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Vose Software Making the best use of predictive microbiology (PM) data and models in food safety risk assessment David Vose Director Vose Software

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Presentation on theme: "Vose Software Making the best use of predictive microbiology (PM) data and models in food safety risk assessment David Vose Director Vose Software"— Presentation transcript:

1 Vose Software Making the best use of predictive microbiology (PM) data and models in food safety risk assessment David Vose Director Vose Software

2 Vose Software Experienced in risk analysis, risk management and supporting decision making under uncertainty Past experience of working with clients in many different industries Expert witness services and litigation support in high profile risk related disputes RISK ANALYSIS CONSULTING General Risk Analysis Risk Analysis in Business and Engineering Risk Analysis in Health and Epidemiology RISK ANALYSIS TRAINING Developers of ModelRisk (risk analysis software tool) Developers of risk-related bespoke applications RISK SOFTWARE SOLUTIONS What we do… 2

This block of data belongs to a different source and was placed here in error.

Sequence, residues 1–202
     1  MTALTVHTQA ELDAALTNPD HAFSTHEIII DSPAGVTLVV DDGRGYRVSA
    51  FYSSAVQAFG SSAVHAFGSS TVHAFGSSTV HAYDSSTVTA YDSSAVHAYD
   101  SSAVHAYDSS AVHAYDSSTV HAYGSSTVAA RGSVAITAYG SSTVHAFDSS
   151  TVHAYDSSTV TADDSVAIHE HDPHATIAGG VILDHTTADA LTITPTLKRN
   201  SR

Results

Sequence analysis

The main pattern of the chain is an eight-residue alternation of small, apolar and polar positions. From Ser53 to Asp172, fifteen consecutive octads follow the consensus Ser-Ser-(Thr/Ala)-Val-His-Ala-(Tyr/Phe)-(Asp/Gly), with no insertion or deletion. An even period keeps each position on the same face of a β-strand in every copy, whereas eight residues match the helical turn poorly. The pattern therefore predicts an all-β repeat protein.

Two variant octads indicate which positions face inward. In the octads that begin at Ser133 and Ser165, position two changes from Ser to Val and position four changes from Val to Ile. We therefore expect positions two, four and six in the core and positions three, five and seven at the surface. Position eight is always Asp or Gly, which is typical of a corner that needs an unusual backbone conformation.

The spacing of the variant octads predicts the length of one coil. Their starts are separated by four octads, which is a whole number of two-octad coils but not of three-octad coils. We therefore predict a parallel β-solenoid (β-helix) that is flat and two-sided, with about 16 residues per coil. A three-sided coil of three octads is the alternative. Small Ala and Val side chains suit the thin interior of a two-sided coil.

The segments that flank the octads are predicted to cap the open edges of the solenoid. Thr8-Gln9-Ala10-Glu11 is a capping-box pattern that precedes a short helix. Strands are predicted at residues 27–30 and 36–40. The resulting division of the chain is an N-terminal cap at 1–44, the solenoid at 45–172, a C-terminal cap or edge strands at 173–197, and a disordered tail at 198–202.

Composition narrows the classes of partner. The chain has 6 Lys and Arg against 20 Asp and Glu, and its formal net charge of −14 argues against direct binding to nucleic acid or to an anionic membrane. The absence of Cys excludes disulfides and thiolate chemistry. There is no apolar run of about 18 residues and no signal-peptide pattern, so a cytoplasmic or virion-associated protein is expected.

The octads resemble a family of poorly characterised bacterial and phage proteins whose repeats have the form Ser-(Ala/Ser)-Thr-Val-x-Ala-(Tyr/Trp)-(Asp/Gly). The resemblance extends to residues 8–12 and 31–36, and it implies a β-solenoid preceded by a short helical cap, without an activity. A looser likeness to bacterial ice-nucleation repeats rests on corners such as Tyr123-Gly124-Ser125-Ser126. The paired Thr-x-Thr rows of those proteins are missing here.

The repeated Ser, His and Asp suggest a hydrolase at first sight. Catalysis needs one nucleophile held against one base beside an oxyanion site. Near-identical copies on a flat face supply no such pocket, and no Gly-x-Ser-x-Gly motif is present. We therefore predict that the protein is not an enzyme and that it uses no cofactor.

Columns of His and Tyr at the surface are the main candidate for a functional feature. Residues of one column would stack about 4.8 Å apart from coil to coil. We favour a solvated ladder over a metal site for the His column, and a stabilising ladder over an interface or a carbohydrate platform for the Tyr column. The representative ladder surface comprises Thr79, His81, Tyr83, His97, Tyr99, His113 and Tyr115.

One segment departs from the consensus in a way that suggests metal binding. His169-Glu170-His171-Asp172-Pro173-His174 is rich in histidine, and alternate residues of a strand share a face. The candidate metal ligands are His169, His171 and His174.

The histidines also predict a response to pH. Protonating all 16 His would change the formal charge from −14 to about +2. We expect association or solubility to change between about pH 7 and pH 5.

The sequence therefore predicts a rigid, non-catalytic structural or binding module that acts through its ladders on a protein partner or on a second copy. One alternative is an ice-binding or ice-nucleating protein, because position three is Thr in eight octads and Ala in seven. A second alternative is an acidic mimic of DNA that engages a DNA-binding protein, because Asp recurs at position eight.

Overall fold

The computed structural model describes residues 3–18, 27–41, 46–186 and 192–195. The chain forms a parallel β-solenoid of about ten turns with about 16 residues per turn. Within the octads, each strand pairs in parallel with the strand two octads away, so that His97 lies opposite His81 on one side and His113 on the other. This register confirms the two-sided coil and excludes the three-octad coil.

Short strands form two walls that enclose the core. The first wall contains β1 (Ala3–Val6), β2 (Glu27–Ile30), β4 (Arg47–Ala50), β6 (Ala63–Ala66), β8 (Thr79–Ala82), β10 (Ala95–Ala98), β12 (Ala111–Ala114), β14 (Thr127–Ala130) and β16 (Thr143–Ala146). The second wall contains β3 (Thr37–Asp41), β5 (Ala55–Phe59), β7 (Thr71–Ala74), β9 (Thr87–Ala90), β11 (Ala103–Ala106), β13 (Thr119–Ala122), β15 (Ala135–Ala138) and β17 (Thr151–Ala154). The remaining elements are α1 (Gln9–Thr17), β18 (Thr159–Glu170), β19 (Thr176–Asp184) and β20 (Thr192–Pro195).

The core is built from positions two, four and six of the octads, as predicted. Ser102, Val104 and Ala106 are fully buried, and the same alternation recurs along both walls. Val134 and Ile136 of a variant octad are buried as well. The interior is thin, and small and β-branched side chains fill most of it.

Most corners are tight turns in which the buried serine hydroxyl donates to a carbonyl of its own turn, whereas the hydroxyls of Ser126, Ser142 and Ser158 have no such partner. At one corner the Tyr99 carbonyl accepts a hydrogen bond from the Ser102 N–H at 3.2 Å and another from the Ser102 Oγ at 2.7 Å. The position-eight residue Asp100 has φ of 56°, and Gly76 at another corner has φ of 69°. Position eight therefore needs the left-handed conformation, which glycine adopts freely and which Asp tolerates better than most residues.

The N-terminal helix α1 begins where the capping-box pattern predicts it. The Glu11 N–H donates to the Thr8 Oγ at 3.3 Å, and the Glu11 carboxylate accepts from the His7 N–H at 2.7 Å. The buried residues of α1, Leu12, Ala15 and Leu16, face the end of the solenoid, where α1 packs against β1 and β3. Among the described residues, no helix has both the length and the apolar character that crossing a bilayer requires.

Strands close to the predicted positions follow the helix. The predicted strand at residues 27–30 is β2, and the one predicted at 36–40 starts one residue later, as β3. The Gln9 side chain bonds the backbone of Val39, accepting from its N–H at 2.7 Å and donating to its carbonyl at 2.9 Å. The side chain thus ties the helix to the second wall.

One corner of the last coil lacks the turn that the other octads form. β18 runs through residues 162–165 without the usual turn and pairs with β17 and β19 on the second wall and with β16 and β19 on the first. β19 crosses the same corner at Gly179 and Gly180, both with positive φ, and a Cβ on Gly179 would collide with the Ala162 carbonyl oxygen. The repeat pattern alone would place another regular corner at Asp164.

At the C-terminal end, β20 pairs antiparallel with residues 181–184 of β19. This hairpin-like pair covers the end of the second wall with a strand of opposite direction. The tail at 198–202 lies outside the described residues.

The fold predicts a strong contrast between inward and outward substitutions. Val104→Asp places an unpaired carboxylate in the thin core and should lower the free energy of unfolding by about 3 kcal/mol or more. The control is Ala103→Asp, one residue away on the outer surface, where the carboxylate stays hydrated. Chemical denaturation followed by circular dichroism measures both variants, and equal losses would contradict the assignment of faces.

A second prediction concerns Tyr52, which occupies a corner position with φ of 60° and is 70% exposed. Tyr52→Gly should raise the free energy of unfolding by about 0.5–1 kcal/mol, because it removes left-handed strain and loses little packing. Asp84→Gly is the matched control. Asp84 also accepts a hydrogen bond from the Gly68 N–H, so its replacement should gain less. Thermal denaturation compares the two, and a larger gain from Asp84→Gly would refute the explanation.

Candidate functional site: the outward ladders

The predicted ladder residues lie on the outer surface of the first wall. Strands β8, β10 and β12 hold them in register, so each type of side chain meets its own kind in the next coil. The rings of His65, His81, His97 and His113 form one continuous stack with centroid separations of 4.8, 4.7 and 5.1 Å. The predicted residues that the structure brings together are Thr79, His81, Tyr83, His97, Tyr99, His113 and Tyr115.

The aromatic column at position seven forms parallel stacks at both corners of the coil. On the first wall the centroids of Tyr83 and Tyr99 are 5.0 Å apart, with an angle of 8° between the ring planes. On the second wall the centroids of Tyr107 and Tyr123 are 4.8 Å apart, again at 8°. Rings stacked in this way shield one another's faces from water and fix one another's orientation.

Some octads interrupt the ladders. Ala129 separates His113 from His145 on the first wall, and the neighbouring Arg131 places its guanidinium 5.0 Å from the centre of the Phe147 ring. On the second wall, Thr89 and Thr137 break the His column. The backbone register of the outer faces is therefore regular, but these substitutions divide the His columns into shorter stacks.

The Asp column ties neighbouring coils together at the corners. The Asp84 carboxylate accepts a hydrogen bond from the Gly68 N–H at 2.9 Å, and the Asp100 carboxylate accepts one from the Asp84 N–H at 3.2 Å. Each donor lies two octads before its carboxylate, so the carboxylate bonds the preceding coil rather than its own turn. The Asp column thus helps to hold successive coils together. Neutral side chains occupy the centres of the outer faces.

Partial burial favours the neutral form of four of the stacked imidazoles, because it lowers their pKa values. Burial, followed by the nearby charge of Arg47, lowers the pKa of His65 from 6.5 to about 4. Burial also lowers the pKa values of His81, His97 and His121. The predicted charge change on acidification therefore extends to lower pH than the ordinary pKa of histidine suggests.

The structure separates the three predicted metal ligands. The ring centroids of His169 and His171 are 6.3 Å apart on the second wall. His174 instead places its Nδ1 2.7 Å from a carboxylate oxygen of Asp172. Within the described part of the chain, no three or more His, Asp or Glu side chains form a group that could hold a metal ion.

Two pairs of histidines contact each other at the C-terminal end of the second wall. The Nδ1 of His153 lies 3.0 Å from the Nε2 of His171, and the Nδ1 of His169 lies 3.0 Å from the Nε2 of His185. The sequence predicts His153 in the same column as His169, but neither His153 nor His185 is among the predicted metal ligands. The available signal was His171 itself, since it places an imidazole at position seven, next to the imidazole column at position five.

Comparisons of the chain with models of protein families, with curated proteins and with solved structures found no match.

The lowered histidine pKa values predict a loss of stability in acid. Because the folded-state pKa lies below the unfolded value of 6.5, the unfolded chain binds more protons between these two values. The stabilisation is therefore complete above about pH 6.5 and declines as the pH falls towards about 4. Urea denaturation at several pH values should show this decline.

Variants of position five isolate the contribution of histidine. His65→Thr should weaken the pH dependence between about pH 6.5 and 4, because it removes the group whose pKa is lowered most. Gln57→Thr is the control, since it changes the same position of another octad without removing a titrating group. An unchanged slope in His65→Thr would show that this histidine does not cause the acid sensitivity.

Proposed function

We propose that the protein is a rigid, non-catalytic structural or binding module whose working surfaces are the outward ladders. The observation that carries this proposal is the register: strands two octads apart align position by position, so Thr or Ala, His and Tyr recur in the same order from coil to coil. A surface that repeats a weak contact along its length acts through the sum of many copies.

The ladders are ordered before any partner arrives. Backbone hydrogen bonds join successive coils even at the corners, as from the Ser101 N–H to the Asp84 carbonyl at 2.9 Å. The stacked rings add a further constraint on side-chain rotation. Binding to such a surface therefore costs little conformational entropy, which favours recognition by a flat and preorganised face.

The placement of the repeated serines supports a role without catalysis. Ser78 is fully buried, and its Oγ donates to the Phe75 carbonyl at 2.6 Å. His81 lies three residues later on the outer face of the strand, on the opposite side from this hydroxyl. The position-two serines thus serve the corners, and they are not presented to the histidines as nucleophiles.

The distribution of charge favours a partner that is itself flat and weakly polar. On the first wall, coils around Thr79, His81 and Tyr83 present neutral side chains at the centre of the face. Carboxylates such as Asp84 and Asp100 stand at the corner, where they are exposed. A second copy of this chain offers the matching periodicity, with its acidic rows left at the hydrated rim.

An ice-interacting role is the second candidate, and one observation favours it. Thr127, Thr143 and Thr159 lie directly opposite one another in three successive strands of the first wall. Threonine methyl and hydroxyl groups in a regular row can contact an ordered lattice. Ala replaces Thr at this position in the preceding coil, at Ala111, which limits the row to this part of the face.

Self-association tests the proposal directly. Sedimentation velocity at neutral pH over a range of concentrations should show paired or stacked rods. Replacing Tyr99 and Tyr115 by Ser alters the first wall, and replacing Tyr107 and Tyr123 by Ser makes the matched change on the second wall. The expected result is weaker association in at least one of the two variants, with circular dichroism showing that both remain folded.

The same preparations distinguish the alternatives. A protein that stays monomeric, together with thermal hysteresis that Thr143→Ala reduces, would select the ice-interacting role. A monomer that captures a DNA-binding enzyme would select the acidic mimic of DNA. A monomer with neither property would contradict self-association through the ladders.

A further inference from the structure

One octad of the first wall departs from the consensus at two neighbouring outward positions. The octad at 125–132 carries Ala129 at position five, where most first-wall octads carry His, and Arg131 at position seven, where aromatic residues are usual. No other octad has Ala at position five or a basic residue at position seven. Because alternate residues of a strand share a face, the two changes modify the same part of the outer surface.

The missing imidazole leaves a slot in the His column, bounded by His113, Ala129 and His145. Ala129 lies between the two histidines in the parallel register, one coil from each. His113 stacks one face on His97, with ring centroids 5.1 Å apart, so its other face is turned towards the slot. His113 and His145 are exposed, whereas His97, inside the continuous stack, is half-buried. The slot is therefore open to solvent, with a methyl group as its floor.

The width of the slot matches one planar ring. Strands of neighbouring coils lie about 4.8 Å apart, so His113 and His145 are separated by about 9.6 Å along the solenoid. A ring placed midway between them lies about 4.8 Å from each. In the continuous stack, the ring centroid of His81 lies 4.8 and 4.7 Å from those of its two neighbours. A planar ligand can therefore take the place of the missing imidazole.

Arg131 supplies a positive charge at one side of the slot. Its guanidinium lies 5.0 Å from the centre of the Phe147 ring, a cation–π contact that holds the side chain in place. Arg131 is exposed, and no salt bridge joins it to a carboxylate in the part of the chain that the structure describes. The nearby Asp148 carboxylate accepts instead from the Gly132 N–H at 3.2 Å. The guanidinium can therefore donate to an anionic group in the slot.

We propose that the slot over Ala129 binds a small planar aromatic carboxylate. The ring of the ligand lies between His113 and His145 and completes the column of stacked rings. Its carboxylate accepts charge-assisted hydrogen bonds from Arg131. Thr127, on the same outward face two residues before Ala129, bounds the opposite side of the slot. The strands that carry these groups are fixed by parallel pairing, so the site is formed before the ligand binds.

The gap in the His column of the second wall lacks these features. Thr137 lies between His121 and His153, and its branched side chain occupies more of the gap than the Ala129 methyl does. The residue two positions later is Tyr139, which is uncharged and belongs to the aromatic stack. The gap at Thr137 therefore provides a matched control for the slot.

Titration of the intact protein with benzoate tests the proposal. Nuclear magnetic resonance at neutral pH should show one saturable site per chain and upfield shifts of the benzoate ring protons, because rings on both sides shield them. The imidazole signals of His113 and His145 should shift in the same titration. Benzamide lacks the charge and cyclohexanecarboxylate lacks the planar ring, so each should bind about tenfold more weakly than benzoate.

3 Vose Software 3 Government and academia Industry

4 Vose Software Spoiler Risk management applied for a rambling talker Risk assessment models are too complicated Clients ask for them Risk assessors say they can do them Risk assessors aren’t trained programmers, don’t have the debugging tools Risk assessments don’t deliver Too many assumptions Too few data Too much uncertainty Results carry too many caveats Simpler, more focused analyses often possible Lab-based PM data (eg ComBase) good enough already in risk assessment context Compared with all the other uncertainties A focus change in PM could help answer, or even outright answer, many risk questions Mechanical removal Location and importance of pathogens in carcasses Help rank pathogen concentrations in food in terms of risk